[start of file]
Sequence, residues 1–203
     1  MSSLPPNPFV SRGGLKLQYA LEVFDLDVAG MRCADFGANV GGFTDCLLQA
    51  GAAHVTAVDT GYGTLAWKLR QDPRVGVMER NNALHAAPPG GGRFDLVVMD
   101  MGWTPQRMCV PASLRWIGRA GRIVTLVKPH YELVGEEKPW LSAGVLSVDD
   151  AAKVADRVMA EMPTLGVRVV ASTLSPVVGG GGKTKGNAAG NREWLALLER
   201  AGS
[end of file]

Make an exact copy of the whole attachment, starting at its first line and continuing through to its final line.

Sequence, residues 1–203
     1  MSSLPPNPFV SRGGLKLQYA LEVFDLDVAG MRCADFGANV GGFTDCLLQA
    51  GAAHVTAVDT GYGTLAWKLR QDPRVGVMER NNALHAAPPG GGRFDLVVMD
   101  MGWTPQRMCV PASLRWIGRA GRIVTLVKPH YELVGEEKPW LSAGVLSVDD
   151  AAKVADRVMA EMPTLGVRVV ASTLSPVVGG GGKTKGNAAG NREWLALLER
   201  AGS